The $50 million Oscar Seppeltsfield hotel is one step closer to reality after the Environment, Resources and Development Court ruled in its favour.
The court said yesterday the Light Regional Council was correct to classify Oscar as a category two development – not category three.
This now means that only close neighbours can object to the 12-storey hotel and they have no appeal rights.
The project still needs development and planning approval from the council to go ahead.
The six-star hotel has polarised the community with local identities Maggie Beer, Robert O’Callaghan, James Lindner and Margaret Lehmann among those who have spoken out against it.
“Justice has been heard and served,” Seppeltsfield owner Warren Randall said.
Project spokesman Toby Yap said, “ We have been overwhelmed by the public and industry support for this iconic tourism development and we are extremely confident that this destination will be a gamechanger for Australian regional tourism.
“The new six-star accommodation will attract new markets to the region and drive growth in the domestic and international visitor economy, while creating an additional 363 construction jobs and 350 ongoing jobs for the region once operational.
“The Oscar Barossa at Seppeltsfield is expected to bring an additional $90 million in tourism expenditure to the region over the first five years, the team have been in talks with leading intranational hoteliers and look forward to announcing the operator soon.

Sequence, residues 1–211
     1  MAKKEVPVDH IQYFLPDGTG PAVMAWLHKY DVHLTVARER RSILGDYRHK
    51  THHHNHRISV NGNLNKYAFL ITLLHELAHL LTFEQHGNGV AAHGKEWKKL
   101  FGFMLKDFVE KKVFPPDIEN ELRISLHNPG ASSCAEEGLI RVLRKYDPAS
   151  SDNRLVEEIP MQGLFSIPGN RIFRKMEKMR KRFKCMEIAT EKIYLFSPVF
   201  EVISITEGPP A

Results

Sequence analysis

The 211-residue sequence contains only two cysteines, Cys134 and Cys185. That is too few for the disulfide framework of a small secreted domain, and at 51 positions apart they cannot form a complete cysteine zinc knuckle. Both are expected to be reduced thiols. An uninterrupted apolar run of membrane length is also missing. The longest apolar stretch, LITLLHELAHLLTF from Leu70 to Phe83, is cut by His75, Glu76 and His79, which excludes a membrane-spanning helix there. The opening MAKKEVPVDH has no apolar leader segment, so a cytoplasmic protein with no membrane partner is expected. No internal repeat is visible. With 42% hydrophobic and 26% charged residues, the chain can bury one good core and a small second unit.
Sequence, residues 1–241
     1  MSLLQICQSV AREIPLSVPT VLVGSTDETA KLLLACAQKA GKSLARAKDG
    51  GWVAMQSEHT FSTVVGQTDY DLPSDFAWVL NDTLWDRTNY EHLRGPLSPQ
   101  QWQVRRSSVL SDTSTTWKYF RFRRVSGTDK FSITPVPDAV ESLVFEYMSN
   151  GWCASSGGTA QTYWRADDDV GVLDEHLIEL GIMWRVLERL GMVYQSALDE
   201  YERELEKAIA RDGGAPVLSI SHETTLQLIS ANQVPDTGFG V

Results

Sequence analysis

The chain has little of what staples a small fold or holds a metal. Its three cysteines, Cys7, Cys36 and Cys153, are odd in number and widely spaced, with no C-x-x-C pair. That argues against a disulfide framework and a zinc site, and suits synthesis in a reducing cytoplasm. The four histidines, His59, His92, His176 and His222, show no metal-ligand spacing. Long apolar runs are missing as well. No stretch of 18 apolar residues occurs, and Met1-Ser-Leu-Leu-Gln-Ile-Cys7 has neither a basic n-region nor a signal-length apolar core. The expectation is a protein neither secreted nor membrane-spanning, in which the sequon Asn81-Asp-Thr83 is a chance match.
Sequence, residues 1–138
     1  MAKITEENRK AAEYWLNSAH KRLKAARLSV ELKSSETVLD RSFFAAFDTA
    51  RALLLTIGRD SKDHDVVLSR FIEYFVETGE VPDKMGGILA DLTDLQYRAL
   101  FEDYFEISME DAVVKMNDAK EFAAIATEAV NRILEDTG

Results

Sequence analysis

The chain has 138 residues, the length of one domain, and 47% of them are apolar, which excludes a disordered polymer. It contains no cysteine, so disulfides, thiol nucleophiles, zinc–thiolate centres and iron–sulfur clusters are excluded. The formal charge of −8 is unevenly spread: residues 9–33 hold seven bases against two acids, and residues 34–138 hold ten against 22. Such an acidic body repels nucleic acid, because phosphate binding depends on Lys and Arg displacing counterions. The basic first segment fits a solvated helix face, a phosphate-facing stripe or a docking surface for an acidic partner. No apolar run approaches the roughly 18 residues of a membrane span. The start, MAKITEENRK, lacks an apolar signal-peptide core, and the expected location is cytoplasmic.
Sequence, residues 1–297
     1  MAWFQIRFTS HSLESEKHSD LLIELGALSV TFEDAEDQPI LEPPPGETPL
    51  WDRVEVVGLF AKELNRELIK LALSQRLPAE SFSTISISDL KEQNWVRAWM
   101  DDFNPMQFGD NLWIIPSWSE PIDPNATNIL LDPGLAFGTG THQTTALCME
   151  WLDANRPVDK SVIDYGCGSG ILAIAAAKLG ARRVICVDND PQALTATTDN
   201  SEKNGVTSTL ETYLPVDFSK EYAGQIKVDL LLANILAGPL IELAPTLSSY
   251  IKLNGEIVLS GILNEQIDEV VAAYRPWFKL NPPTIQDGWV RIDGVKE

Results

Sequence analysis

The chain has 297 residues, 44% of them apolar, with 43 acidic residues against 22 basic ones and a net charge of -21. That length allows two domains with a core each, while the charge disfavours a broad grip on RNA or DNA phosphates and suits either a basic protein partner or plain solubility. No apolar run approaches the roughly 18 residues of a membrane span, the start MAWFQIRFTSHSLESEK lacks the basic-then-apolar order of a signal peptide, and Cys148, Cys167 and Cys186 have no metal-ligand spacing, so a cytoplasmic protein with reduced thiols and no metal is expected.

“We are 100 percent committed to this $50 million investment in South Australia.
“The Barossa is famous for its wine, food and spectacular sights, but what it needs is an iconic luxury hotel to cater to local and international guests that visit the region.
“South Australian Tourism Commission research has shown a real gap in the marketplace for high-end travellers, with only 28 out of 161 accommodation options being rated at four stars or above.
“We are confident that the Oscar will fill this gap and set the global standard for luxury regional travel.”
Mr Randal said he planned to reach out to the Barossa community to try to convince them of Oscar’s merits.
The hotel, funded by businesspeople including former Adelaide Crows captain Mark Ricciuto and hotelier Peter Hurley, has been ridiculed and called many names including “The Slug.”
Mr Randall had threatened to take the development elsewhere if the Barossa didn’t want it.
He said the height of the building had been lowered by 10 metres since the original concept plans were released.
Mr Randall has said all along that he knew the architecture would polarise people and that he wanted an international talking point.